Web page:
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Courses High School Physics Sequence

  1. Nov 14, 2016 #1
    I am currently picking out my courses for grade 11 next year. I have the opportunity to take both grade 11 AP Physics 1 and grade 12 AP Physics 2 in the same year (semestered). If I do I won't have any physics courses in grade 12 instead I'll be taking grade 11 Pre-AP Chemistry and grade 12 AP Chemistry. Will it be a problem going into first year physics courses in university if I have a 1 year gap in physics or is it better to take grade 12 physics in grade 12?
     
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  3. Nov 14, 2016 #2

    Student100

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    It's better to take E&M after mechanics, as they assume some familiarity with things like potential energy, torques, conservation laws ... etc normally. (That doesn't mean your course will, just generally)

    You could do it, but why not take mechanics with general chem then E&M with gen chem 2?
     
  4. Nov 14, 2016 #3
    all hard work brings a profit

    don't sweat the small stuff

    keep working hard
     
  5. Nov 15, 2016 #4
    Sorry to be clear, I would have AP Physics 1 in first semester and AP Physics 2 in second semester, so sequentially not concurrently. I was more concerned about having a gap of a year between taking my last physics course in grade 11 before taking physics again in first year university.

    Just trying to figure out the best way to arrange my courses as I will potentially be writing 6 AP exams between grades 11 & 12. If I take both AP Physics in grade 11 I'll have an even split of AP courses in 11 & 12. AP courses are new at my school and being phased in. AP Physics 2 is the only grade 12 AP course I can fast track in grade 11.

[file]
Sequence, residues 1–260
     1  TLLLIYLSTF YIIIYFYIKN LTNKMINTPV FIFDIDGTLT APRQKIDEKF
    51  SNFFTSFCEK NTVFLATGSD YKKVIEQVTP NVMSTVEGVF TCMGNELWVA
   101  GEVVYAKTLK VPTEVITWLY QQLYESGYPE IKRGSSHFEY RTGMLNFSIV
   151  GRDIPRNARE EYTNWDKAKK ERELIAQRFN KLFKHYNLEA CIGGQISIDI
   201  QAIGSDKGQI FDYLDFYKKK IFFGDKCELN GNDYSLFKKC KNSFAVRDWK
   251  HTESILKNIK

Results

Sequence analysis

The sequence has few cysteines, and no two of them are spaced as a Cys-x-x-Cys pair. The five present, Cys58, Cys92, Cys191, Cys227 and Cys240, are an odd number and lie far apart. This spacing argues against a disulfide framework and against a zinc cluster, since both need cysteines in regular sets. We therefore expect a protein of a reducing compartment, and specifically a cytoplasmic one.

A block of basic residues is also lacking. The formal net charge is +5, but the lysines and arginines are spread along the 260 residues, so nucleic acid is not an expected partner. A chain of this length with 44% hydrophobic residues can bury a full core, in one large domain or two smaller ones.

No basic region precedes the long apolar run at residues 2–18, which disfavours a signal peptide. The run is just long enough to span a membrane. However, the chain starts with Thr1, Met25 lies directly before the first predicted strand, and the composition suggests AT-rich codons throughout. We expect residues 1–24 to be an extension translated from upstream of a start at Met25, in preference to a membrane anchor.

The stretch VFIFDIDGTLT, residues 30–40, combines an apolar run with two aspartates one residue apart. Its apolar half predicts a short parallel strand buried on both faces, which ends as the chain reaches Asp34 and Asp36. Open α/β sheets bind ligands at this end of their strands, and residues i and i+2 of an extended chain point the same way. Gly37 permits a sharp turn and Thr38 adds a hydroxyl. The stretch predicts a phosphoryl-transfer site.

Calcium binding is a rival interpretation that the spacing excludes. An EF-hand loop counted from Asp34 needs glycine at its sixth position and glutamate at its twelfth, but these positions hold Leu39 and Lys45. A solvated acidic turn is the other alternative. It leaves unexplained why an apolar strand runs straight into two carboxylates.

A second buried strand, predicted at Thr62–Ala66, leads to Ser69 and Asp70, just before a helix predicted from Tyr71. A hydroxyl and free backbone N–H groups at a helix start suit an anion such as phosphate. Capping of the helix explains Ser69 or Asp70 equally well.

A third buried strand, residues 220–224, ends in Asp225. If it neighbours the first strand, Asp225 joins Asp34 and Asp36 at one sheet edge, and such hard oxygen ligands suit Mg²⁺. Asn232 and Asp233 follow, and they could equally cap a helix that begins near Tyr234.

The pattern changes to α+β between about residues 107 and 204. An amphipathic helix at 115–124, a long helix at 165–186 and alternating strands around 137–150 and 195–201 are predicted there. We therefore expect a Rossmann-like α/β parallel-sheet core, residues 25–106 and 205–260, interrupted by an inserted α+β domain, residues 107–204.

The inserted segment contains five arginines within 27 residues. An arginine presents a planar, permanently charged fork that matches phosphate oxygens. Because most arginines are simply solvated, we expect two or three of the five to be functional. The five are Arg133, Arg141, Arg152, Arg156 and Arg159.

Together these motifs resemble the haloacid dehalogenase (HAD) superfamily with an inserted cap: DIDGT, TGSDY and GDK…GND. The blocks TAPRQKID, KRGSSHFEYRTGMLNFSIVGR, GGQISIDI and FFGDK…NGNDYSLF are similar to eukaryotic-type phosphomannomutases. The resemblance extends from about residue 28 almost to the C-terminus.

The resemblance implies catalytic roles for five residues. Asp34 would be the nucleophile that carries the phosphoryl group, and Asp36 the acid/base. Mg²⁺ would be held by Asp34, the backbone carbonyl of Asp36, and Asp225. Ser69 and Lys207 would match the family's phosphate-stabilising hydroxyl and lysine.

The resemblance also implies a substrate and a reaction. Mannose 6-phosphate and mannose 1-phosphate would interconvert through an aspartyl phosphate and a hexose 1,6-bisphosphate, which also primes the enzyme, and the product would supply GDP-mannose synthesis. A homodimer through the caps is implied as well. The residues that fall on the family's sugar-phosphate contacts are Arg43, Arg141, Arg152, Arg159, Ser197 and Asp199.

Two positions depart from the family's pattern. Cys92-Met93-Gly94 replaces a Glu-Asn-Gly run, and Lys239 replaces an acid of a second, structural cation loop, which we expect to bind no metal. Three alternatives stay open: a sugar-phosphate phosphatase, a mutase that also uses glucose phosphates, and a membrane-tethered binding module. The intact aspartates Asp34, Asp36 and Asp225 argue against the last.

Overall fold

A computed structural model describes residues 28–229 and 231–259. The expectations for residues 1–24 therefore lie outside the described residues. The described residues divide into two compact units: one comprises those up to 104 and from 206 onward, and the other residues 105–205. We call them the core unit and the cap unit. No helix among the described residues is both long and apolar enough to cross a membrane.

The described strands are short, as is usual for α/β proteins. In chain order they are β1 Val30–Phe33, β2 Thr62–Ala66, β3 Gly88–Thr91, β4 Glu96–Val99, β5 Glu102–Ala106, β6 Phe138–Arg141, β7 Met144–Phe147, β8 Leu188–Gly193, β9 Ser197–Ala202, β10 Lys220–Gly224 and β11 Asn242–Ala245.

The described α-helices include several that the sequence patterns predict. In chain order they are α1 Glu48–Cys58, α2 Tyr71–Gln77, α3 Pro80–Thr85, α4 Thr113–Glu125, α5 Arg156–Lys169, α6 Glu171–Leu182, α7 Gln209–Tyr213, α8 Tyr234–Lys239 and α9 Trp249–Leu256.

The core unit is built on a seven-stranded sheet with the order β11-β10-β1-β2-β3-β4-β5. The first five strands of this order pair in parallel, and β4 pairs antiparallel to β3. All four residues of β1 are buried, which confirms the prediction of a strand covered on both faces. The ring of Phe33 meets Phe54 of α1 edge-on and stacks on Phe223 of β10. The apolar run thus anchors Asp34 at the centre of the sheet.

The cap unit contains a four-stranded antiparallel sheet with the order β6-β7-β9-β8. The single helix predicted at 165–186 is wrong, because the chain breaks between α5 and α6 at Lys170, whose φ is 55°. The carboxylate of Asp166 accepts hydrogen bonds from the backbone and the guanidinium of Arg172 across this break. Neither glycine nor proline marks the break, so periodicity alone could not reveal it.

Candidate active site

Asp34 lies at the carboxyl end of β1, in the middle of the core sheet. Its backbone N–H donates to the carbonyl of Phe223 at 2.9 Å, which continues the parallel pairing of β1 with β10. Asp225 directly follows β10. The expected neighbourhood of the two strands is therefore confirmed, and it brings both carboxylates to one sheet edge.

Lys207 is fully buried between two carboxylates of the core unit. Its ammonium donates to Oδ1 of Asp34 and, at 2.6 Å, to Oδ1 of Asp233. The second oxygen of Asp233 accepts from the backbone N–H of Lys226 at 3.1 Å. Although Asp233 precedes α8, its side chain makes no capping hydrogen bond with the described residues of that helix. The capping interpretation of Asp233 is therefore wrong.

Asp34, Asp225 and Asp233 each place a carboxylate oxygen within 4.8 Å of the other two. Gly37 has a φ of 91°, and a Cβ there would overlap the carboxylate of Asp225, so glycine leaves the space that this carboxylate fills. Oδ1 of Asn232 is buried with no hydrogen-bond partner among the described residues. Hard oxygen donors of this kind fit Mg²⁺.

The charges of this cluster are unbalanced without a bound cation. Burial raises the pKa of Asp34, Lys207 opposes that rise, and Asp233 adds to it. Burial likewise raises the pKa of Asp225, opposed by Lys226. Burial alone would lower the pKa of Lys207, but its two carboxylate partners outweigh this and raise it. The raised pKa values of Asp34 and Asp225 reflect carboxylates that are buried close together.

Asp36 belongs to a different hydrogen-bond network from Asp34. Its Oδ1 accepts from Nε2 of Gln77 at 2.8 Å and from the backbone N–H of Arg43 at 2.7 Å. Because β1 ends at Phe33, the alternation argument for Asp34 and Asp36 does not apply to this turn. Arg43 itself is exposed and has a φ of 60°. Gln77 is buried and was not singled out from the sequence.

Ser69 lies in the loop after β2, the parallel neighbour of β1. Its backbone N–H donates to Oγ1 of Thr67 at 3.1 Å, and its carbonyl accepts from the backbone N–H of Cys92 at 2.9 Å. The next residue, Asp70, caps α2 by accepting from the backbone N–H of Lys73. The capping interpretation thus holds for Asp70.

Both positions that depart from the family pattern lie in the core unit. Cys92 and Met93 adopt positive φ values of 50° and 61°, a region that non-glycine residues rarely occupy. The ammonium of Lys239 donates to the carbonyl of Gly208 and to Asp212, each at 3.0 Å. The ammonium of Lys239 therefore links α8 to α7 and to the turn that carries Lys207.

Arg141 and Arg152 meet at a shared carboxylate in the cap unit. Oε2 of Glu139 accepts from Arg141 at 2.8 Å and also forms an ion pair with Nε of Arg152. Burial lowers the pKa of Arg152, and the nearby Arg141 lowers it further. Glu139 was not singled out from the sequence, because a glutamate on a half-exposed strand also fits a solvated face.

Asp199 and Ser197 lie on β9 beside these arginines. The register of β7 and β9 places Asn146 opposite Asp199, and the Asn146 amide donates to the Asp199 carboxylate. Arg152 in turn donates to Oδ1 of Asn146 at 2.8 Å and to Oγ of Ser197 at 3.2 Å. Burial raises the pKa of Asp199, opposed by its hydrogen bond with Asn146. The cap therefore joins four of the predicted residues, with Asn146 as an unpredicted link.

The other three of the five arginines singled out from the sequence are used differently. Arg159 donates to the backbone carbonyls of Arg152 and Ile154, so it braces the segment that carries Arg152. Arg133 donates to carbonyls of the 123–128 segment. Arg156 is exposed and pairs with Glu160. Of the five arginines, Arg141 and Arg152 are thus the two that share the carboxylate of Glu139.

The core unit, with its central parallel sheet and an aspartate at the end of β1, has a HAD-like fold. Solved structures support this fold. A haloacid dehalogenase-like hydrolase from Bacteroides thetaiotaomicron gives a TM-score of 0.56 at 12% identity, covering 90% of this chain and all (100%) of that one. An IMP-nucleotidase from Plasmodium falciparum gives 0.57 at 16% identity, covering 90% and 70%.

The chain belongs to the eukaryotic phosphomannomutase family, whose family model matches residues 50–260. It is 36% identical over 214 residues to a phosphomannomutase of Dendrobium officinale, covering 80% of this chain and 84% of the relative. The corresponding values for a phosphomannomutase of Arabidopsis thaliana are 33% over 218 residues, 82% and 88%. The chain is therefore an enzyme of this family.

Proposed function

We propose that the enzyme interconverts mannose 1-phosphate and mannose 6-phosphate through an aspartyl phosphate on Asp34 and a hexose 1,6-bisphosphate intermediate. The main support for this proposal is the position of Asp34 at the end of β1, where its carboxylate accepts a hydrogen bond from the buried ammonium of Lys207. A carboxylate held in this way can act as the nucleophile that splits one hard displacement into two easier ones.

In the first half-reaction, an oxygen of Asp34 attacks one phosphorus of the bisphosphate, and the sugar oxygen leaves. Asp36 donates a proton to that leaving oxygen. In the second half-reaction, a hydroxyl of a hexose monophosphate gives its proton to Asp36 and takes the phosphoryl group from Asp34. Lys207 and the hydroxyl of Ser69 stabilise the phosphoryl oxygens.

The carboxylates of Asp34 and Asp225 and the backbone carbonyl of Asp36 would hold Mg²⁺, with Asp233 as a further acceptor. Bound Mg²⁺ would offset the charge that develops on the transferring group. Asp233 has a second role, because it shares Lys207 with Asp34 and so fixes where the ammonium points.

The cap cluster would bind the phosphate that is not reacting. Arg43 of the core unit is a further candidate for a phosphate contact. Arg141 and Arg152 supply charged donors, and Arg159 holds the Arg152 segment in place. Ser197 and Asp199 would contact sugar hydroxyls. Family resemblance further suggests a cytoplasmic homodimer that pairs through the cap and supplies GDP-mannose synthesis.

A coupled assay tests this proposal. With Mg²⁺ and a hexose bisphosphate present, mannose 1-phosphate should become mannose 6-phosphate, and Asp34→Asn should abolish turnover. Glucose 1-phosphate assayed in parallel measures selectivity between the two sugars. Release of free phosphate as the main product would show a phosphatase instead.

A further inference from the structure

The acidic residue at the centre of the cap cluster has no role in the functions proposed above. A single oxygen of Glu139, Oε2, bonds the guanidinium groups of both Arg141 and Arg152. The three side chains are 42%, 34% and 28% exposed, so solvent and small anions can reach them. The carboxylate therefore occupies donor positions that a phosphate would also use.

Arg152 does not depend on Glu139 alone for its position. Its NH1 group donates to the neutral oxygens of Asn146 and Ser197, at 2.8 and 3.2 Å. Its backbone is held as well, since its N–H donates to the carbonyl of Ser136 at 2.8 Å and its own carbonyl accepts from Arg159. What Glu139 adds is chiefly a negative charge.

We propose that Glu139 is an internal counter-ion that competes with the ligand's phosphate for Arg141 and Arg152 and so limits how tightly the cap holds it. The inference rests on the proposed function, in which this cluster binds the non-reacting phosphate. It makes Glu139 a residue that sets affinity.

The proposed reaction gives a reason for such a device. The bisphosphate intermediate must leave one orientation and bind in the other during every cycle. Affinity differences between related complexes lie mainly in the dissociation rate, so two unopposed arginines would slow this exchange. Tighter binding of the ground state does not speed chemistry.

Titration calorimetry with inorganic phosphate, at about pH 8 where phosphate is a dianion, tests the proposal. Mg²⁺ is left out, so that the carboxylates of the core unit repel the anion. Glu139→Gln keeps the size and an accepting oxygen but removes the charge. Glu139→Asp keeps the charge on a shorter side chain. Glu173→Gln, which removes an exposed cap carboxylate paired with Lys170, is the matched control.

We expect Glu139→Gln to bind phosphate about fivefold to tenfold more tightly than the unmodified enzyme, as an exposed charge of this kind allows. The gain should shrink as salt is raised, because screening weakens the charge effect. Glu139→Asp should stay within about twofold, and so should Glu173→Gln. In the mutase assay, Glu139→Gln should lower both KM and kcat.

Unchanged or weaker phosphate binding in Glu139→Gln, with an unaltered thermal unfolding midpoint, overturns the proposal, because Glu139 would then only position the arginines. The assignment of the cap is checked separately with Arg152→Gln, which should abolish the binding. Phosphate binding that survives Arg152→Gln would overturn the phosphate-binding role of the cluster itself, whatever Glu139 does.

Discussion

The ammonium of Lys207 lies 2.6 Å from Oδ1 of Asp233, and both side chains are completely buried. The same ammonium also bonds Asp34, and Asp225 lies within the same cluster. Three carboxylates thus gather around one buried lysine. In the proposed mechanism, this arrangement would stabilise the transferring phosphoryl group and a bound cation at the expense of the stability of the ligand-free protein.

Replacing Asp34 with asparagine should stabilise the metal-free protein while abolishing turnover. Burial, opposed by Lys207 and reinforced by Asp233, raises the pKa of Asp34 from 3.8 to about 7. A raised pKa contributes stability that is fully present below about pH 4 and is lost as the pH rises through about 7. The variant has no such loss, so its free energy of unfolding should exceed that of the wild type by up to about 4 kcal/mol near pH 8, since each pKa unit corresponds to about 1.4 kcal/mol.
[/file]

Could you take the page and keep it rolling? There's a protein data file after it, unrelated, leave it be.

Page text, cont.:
6. Nov 17, 2016 #5

    Student100

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    Then what you want to do should be fine. I wouldn't worry about the gap year, you can continue to work on physics in your off time.

    Freshmen physics is basically a rehash of AP stuff, with some more math possibly sprinkled in assuming you take the sequence for physics majors. (if that's what you plan to major in)

    If you plan on skipping the intro sequence to go straight to junior physics (again, this is only the case if you major in physics) and your university accepts AP credit, then I would recommend during 12th grade you work through K&K and Purcell on your own. Your physics professor from AP might even agree to help review your work, should you ask them and they have time.
     
  7. Nov 17, 2016 #6
    Ok thanks. I should have been clear initially that I am planning to major in physics. That's why I was concerned about the gap year. I haven't decided though whether or not to use the AP credits to skip the introductory physics courses if I can though many of the programs I'm looking at (I'm in Canada) won't give credit for them if you major in physics anyway.
     
  8. Nov 18, 2016 #7
    I know of many cases in these forums where students want to skip the first introductory course in physics on the weight of their AP scores. While I think that in some cases this may be feasible, I want to bring out a reason not to do this. In many good universities and colleges, the most accomplished professors take particular interest in their introductory honor students. The most prominent example, Feynman taught introductory physics at Cornell. I know at my university the best research mathematicians taught honors math, and the best research physicists taught honors physics. These professors were actually higher regarded and better instructors than my upper class professors.
     
  9. Nov 18, 2016 #8
    Thank you. Something to keep in mind. I had a closer look at the program requirements for a few of the universities I'm considering and none of them will give credit for AP Physics if you are majoring in physics. Most won't allow you to use AP Calculus AB either. The only courses I will probably get credit for are AP Chemistry and AP English Lit, and maybe AP English Lang.
     
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